In 1972, Kathleen E. Woodiwiss published The Flame and the Flower. With this novel, Woodiwiss transformed the romance genre by making explicit what had previously been implied—that is, sex—and created a formula for success that romance authors would follow for decades. The archetypal romance plot of the post-Woodiwiss era goes like this: An innocent young woman experiences sexual awakening when she succumbs to an older, very powerful man, who in turn is domesticated—but not in any way emasculated!—by the aforementioned innocent young woman.
This formula may have inspired the pejorative "bodice ripper" and earned the genre the enduring scorn of literary critics and feminists, but it's also helped romance novels dominate bookselling: Indeed, the genre consistently outsells every other category in mainstream publishing, and in recent years it's proven itself recession-proof, continuing to grow even in a shrinking economy.
If you're not a reader of romance novels, your perception of—and, perhaps, disdain for—the genre is probably based on the above-articulated formula's assumptions about women, sexuality, and what constitutes true love. To be sure, there's plenty to hate about the variety that The Flame and the Flower pioneered. The characters tend to be thin, insipid copies of prototypes by Jane Austen and the Brontë sisters. (I am not alone in recognizing this: Scholars of the genre have long identified these 19th-century authors as the progenitors of modern romance fiction.) The typical heroine's naiveté—crucial to maintaining a creaky, contrived plot—manifests too often as the most exasperating kind of stupidity. And, worst of all, female sexuality is regularly exposited through rape as a plot device. As Sarah Wendell and Candy Tan write in Beyond Heaving Bosoms: The Smart Bitches' Guide to Romance Novels, the rape scenes endemic to romance plots "gave the heroines permission to explore their sexuality without appearing to be sluts."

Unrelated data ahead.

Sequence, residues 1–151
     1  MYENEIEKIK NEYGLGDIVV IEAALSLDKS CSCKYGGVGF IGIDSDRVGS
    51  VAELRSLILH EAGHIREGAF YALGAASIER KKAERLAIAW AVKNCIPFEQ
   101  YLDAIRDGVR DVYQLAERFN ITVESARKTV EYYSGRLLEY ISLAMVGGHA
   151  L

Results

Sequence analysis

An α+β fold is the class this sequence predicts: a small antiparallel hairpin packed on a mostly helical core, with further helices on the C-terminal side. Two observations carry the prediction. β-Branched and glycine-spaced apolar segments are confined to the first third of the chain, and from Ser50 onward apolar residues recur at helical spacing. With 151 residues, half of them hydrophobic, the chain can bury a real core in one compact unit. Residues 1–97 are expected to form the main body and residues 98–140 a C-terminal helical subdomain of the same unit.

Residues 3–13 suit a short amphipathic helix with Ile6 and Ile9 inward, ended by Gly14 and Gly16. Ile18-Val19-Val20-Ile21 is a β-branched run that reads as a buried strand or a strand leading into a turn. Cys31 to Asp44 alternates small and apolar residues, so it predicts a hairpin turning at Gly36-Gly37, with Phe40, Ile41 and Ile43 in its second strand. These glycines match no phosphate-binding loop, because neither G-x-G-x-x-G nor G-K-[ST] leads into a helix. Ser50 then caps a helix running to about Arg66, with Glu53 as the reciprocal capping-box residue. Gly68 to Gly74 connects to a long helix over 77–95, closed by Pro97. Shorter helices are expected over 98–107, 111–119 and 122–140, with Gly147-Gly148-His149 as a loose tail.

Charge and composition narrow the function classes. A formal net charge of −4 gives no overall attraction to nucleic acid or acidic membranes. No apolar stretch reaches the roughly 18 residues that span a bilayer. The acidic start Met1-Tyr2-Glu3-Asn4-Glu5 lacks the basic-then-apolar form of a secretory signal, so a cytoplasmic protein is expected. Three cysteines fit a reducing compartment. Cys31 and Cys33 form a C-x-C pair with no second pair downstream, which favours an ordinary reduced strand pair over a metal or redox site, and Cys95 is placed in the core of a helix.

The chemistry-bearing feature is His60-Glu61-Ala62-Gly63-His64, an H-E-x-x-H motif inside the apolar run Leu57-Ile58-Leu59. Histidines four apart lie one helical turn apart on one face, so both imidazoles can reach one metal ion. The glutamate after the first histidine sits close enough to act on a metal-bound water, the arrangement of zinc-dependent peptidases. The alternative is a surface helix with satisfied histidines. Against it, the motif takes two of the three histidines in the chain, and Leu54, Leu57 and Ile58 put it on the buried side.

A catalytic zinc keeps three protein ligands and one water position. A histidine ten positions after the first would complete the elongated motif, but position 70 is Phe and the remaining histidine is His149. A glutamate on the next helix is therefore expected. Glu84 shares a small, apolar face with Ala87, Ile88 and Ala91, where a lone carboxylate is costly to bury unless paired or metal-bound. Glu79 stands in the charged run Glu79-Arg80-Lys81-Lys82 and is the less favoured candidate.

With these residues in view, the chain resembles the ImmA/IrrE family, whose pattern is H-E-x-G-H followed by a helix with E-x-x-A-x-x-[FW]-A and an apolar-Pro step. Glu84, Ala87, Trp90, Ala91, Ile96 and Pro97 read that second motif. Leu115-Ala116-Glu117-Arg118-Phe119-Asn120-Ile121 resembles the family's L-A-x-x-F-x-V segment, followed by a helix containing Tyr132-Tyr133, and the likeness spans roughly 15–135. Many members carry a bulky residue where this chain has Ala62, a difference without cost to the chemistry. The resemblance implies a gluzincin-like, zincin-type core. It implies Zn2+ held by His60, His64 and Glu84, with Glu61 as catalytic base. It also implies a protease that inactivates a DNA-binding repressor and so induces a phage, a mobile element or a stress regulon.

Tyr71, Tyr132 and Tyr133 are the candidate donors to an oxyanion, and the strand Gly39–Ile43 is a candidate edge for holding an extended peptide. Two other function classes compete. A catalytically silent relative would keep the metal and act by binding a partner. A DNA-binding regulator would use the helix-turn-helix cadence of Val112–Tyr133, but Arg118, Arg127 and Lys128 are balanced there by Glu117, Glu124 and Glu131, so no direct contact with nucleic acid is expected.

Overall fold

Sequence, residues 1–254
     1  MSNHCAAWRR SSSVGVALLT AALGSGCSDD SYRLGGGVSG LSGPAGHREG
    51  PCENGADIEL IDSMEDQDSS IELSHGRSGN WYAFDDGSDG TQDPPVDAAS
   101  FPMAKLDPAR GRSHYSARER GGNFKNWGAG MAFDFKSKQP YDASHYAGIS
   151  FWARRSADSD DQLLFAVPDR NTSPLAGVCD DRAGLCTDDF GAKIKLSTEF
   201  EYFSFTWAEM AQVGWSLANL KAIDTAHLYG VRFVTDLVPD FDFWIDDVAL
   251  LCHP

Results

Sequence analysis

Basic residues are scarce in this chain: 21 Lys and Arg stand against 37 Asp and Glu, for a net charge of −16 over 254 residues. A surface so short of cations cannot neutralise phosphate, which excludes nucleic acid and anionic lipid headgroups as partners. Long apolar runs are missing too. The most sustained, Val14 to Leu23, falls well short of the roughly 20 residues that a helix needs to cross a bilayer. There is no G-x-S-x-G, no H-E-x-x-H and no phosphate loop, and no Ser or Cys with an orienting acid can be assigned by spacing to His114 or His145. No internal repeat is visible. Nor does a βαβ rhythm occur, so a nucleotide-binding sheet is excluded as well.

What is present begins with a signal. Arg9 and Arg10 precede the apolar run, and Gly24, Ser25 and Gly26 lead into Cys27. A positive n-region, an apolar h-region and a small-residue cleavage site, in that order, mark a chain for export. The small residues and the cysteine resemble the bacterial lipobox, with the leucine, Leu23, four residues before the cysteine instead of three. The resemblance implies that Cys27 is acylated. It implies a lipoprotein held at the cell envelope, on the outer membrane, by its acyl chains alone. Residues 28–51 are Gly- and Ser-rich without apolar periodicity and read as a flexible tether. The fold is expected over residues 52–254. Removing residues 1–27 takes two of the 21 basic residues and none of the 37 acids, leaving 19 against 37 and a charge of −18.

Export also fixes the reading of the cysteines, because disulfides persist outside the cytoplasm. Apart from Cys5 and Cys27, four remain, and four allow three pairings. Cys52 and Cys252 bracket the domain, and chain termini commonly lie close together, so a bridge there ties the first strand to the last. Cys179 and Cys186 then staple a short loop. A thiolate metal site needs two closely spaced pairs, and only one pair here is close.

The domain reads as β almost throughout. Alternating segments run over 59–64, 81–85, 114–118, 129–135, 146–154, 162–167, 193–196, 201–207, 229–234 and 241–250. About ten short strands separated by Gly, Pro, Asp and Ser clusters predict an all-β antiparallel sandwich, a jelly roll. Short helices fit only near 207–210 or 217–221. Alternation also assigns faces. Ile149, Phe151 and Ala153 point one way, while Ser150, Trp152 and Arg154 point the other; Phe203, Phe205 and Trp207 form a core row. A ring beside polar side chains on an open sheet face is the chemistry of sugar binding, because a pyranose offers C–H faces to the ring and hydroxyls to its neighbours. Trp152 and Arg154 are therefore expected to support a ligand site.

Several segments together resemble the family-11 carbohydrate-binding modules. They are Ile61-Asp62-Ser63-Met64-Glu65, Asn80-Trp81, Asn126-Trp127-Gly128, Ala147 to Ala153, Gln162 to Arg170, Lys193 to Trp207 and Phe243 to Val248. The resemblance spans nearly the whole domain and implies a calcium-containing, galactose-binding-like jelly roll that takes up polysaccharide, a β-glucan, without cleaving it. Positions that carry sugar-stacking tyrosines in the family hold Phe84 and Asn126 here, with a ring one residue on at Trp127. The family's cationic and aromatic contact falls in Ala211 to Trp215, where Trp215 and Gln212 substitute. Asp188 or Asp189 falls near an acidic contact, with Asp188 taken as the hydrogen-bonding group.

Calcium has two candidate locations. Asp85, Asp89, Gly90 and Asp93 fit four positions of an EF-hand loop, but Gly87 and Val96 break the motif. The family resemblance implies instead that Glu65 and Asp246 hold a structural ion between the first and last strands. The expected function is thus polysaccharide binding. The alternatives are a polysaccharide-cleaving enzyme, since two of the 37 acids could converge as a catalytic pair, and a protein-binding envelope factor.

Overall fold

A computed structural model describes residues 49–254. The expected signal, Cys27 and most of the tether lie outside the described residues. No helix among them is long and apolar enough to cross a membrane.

The tacit acceptance of rape in romance novels written in the '70s, '80s, and into the '90s—and the tendency of their heroines to fall madly in love with their rapists—curbed my own flirtation with the genre. Curbed it, that is, until I was introduced to Virginia Kantra's sophisticated, folklore-infused paranormal romances and discovered how much the genre has changed since I last browsed the romance section.
There's no passionate clinch between small woman and looming man on the cover of Kantra's Sea Witch. There are no heaving bosoms, or any other kind of bosoms. There's simply a lone woman, rising from the ocean beneath a full moon. The novel's opening line is even more arresting: "If she didn't have sex with something soon, she would burst out of her skin." Sea Witch's heroine, Margred, is a selkie—seal in the sea, exceptionally attractive human on land.
Folkloric kin to mermaids, selkies are found in storytelling traditions surrounding the North Atlantic Ocean and Norwegian Sea, in stories from Scotland, Ireland, Iceland, and the Faroe Islands. Scholars recording oral traditions in these coastal regions during the 18th and 19th centuries found human/seal shape-shifters to be a well-established feature of folklore, with stories composed and shared by people who had daily contact with wildlife in general and seals in particular. (Indeed, "selkie" is simply the Orkney word for "seal.") Even into the 20th century, fishermen in Scotland and Ireland expressed the belief that seals—with their almost-human voices and expressive brown eyes—were not quite like other animals. Stories about selkies created a space for exploring affinity and difference in small, isolated communities, and for negotiating social phenomena that fell outside cultural norms. Tales of women who took selkie lovers provided, among other things, a way to talk about children born outside of marriage. The oft-told story of a man who takes a selkie bride by hiding her sealskin, only to lose her to the sea again when she regains her pelt, may have offered insight into both the appeal of the outsider and the loneliness of women married off and taken far from their own homes.